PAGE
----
Online Grocery Shopping: Exploring the Influence of Income, Internet Access, and Food Prices
3. Materials and Methods
5. Discussion and Conclusions
The current research underscores the significant impact of income on influencing online grocery sales. Despite the potential influence of internet connection and food prices, income continues to be a substantial determinant in shaping online grocery sales. With this research, we hope to lead toward a consensus on the impact of income on online grocery shopping, not only among individuals or households but also among communities, cities, and regions. Furthermore, policy-makers in various nations should also address the socio-economic challenges that hinder the growth of online grocery shopping. This will facilitate the achievement of sustainable development in those nations by encouraging the use of online food shopping.
Limitations and Future Research
The findings and conclusions of this study should be considered exploratory. The findings of this study may not reinforce definitive conclusions to the research on online grocery shopping. However, this study provides a foundation/base for future studies to build upon.
This paper examines the absolute sale revenues of online shopping in regions and the regions’ median income, mobile internet connection, and food price index. The current study data only cover the period 2019–2021 as the most recent data available from the statistical agency Rosstat span up to 2021. This might not completely reflect the conditions of online grocery shopping in Russia at the present time. However, it provides a robust picture of the past and future trends in online grocery shopping in the country. Future research can also collect covering a longer timeframe. Additionally, future research may gather more current data to better depict the current state of online grocery shopping.
The current research does not include any analysis of individual interest in online grocery shopping. Quantitative analysis regarding the extent of public interest in online grocery shopping and the factors’ determining purchase was not conducted since such matters fall beyond the scope of the existing research. It also does not include the shopping frequency or the number of shoppers in online grocery stores. Therefore, the paper does not explain whether wealthy regions buy more expensive groceries online, which might not be entirely unique to online grocery shopping. This represents an interesting avenue for future research. As such, future studies can consider the impact of having a higher disposable income on online grocery shopping, the price differences in the average purchased products in regions with high and low median incomes, or the impact of population size on online grocery sales. Future research can also conduct a quantitative investigation into the level of public interest in online grocery shopping and the factors’ determining the purchase of products online. Further, the purpose of the food price index in this study was not to provide a comparative analysis between the prices of food in online stores and those in brick-and-mortar stores. Instead, the current study analysis chose to investigate whether changes in the general price of food can spur an overall increase/decrease in online grocery shopping. Consequently, future studies can consider looking into the influence of the cost of living and inflation on online grocery shopping.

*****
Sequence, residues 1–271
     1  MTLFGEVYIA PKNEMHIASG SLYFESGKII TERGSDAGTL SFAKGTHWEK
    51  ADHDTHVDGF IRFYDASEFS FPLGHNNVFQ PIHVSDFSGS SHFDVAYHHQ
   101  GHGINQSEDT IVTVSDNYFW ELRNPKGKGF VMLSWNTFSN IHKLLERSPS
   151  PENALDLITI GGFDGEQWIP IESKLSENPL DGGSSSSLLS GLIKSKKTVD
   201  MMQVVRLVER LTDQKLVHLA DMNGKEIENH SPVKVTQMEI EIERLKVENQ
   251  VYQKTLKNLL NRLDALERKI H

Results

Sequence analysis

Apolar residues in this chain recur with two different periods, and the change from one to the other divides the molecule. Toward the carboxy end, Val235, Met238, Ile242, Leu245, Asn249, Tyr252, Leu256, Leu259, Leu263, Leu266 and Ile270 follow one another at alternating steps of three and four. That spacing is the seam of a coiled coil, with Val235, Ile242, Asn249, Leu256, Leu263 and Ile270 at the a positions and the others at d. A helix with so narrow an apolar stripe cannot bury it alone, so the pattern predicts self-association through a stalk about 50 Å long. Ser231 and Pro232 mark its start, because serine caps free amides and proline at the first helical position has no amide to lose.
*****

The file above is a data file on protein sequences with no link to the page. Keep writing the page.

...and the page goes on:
Furthermore, since this paper is specifically focused on regional-level analysis, future studies can consider the impact of income in individual and country-level studies. This can enable an international comparative analysis at the country level and a deeper analysis of individual differences. Also, future studies can consider the impact of income across various product categories in online grocery shopping, such as fresh groceries, packaged food, beverages, pastries, or groceries with a longer shelf life. This might contribute to our understanding of customer behavior in buying groceries online across different product categories, hence enhancing the research findings. The impact of income on nutritional choices via online grocery shopping can also be examined in future research.
In addition, this study is limited to regions in a single country (Russia), whose social, cultural, and economic reality might be different from nations in other parts of the world. The results should be carefully interpreted to reflect this. Further research may involve collecting regional data from multiple nations to analyze the effects of the factors identified in this study on online grocery shopping. This will help to generalize the research findings. Future research can also investigate the level of interest in the population in online grocery shopping and the factors that determine the purchase of products online. Also, future studies can consider examining the rural–urban differences in the variables in this study. This can provide a better understanding of the influence of factors such as internet access and potentially facilitate the generalization of the present research findings.
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